Complex Mission Hampers U.S. Effort in Japan

Chester Dawson
The Wall Street Journal

CAMP SENDAI, Japan—The series of disasters that has befallen Japan since March 11 has complicated the U.S. military aid effort, as cooperation with Japan’s government, inclement weather and a radiation fears have hampered the humanitarian mission.

U.S. military aid missions, such as the one last year to quake-devastated Haiti, are routine. And while Operation Tomodachi (Japanese for “friend”), using the many American troops already based in Japan, has delivered tons of aid and equipment to those hardest hit by the destructive forces of nature in Japan, the magnitude-9.0 earthquake, ensuing tsunami and especially the unfolding nuclear-power crisis have weighed on the U.S. armed forces relief mission…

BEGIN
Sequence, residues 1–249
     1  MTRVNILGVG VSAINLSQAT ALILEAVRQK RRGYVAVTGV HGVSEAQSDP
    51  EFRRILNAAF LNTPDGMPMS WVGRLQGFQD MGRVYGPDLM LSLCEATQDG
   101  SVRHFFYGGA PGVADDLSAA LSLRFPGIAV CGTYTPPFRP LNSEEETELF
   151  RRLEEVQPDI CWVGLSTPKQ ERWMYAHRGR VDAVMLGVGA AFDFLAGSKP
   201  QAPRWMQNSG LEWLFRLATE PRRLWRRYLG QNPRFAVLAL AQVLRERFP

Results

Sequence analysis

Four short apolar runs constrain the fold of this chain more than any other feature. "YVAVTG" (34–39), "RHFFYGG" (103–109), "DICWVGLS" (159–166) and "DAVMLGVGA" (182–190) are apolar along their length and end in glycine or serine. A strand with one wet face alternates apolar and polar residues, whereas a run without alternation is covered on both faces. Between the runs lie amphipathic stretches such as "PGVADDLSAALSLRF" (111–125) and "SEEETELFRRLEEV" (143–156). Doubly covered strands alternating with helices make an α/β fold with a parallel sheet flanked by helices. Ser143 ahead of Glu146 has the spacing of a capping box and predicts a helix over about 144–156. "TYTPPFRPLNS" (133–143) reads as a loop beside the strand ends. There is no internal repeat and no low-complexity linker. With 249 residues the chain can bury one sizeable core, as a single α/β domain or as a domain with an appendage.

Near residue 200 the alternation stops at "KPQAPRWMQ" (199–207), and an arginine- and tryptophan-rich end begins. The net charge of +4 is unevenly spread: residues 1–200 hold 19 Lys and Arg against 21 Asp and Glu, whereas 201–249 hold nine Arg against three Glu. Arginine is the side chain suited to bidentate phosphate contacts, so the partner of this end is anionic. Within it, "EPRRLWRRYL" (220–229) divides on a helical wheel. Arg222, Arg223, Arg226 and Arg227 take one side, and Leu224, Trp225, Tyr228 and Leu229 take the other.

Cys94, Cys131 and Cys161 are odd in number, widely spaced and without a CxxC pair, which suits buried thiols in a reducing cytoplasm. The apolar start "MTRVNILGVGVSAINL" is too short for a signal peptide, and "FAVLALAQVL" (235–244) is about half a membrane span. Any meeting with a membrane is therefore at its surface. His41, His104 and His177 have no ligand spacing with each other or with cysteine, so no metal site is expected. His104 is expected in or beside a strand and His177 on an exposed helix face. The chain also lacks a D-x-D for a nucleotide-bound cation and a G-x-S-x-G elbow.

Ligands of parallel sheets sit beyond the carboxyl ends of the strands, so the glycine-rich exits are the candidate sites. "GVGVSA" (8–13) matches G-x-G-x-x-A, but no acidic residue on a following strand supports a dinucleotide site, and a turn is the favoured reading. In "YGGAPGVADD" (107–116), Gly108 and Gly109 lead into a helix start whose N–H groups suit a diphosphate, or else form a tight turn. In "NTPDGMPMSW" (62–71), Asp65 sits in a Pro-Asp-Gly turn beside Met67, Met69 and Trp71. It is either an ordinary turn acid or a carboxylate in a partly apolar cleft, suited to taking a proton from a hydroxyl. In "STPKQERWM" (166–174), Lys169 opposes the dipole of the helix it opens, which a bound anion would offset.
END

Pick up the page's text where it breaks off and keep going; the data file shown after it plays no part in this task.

…The U.S. military’s attention was divided between two separate missions: the well-publicized humanitarian effort and a quieter campaign to assess the extent of leakage from Japan’s troubled coastal reactors…

..In one sign of the stress as the nuclear crisis unfolded, an American official helping to coordinate activities with the Japanese Self Defense Forces grew teary-eyed when discussing these cooperative efforts. To be sure, that official said the two militaries were largely on the same wavelength. But otherU.S. and Japanese military sources said language, protocol and cultural barriers had proved more daunting than expected, especially for two close allies…

The complete article is at The Wall Street Journal. At the link readers will find diagrams, video, and interactive graphics.

Read also, How You Can Help the Victims of the Devastating Earthquake and Tsunami in Japan

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